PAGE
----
Small-town demand for skilled immigrants is a big opportunity

Published September 1, 2021.

Most Canadians live in cities. In fact, 82% of Canada’s population does. Urban centres like Toronto, Montreal and Vancouver have expanded into nearby cities, creating large metropolitan areas. Small towns and rural areas, on the other hand, are facing pressures to grow. Their young people, attracted by big-city lifestyles and economic opportunities, are leaving. Without young families to support population growth, small towns are relying on aging workforces approaching retirement. Local governments need to sustain their economies and recognize the valuable contributions internationally-trained immigrants can make.

There are some notable advantages to small-town life. The cost of living is less, there are fewer crowds, and housing can be much more affordable. If some rural communities, you may be able to buy a bigger property for the same price as a two-bedroom condominium in Toronto. You can escape to the country or a beach in minutes rather than hours and you may have a better chance to getting to know your neighbours.

Are there good jobs and satisfying careers in small towns and rural areas? Doudou Sow, a Quebec business consultant and coach specializing in diversity and workplace integration, urges job-seeking newcomers to look outside of metropolitan areas. “The job market in Montreal is tough,” he says. “Employers have a wide pool of qualified candidates to choose from, and newcomers are often overlooked.”

Employers in outlying areas, Sow says, frequently have a shortage of qualified applicants, and a newcomer’s skills may be a strong fit. In early 2019, two-thirds of the 114,215 jobs in Quebec were outside of the Montreal metro area, but 86% of immigrants arriving to the province were settling in its biggest city.

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Where can you find welcoming communities? The Rural and Northern Immigration Pilot is a community-driven program organized by smaller towns and cities across Canada who want to attract internationally-educated professionals. Visit the website to download facts and information about each participating in the program and the sectors they need to boost. Atlantic Canada’s immigration initiative was so undeniably successful that it is now a permanent program, attracting skilled workers to Canada’s easternmost provinces.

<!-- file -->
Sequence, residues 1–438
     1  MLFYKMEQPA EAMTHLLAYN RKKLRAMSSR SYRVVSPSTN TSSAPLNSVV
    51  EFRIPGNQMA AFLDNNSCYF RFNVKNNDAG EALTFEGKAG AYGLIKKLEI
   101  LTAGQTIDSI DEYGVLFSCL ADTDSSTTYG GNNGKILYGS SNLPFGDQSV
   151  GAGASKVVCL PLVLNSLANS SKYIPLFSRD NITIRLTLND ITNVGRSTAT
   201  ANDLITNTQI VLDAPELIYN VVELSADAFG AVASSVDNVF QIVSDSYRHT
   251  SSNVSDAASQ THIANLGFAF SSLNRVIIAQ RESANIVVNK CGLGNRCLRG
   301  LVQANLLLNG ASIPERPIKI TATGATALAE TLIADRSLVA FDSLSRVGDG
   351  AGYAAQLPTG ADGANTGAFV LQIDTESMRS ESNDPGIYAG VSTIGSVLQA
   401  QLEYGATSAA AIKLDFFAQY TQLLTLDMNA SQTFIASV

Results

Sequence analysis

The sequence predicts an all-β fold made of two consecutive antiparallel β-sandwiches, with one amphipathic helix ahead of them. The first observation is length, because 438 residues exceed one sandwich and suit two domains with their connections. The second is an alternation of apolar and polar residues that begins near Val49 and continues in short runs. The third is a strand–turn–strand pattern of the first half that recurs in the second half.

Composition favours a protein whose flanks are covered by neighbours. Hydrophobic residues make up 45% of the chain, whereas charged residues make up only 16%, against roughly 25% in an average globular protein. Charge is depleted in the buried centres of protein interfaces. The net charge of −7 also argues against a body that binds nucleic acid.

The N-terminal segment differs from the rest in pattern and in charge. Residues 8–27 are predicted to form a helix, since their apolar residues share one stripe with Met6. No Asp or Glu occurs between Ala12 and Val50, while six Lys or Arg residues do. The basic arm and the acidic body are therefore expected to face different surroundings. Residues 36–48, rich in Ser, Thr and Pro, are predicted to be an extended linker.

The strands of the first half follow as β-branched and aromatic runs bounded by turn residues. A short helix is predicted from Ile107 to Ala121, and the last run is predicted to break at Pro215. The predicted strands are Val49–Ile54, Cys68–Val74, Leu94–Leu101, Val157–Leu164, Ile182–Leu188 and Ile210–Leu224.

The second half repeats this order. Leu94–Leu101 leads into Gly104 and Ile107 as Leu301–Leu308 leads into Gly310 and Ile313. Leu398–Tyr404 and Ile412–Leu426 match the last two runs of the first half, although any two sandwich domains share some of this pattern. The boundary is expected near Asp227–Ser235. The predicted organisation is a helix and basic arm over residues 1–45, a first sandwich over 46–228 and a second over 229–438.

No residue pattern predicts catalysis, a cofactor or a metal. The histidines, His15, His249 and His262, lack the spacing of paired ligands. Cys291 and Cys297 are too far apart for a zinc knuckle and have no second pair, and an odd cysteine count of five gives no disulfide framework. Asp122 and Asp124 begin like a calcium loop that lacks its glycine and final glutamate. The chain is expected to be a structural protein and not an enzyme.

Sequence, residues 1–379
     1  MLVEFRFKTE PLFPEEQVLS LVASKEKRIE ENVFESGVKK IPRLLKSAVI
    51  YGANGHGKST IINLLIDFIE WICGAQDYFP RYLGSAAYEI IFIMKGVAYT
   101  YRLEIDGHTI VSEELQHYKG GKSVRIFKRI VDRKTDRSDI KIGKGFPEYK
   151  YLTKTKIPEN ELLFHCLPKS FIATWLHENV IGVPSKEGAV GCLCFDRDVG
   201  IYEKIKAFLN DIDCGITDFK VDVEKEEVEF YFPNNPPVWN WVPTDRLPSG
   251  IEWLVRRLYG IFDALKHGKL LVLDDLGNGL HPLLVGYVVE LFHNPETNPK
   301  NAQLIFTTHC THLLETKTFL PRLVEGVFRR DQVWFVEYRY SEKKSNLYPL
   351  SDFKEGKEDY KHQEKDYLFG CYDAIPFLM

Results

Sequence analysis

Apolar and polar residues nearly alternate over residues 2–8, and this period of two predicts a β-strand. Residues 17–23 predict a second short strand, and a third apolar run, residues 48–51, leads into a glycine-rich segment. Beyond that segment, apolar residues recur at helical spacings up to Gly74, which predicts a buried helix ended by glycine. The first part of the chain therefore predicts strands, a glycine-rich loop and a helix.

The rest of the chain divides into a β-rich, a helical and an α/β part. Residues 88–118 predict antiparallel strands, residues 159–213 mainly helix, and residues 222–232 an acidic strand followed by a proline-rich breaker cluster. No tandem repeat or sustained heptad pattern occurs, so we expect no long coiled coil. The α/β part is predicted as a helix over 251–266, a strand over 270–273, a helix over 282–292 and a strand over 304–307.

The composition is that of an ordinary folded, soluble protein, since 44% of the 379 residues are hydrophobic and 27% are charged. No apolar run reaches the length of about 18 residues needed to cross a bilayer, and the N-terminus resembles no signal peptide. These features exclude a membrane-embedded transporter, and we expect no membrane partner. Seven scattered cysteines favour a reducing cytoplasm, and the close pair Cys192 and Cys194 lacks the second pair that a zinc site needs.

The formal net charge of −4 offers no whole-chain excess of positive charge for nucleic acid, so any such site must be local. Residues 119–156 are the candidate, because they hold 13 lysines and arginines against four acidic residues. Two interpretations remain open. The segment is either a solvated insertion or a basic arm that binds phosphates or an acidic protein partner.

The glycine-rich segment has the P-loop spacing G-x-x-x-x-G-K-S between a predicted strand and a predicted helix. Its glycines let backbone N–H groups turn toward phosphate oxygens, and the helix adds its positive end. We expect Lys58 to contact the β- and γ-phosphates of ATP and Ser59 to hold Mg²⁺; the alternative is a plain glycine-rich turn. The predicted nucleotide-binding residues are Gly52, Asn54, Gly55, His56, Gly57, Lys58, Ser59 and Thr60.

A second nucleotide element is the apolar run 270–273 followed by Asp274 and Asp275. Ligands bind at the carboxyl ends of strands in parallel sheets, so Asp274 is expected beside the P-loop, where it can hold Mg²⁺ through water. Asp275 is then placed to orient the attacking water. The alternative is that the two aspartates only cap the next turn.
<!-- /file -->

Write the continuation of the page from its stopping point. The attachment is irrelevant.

The Provincial Nominee Program may be another route to career success in one of the country’s less populous provinces. Because Canada is so large, each province and territory has specific workforce needs. If you meet the skill demand, you can consult the specific guidelines for that region of Canada to find out how to apply to move to smaller provinces such as the Northwest Territories, or Prince Edward Island.

Some employment support agencies are now matching urban job seekers with jobs in rural areas. In Peel Region, outside of Toronto, the Rural Employment Initiative is matching internationally trained and skilled professionals, who are willing to relocate, with job opportunities in rural areas in Ontario.

Small town life can be attractive for newcomers, but before you book a moving van, do some research to find out about the supports and services, amenities, housing and job opportunities the community has to offer. If you decide that moving to a smaller city or town makes sense for you, Windmill Microlending provides affordable loans that can help you relocate to your chosen province.

Categorized in: Career Success and Planning, A Newcomer's Journey, In-demand Jobs, Settlement and Life in Canada,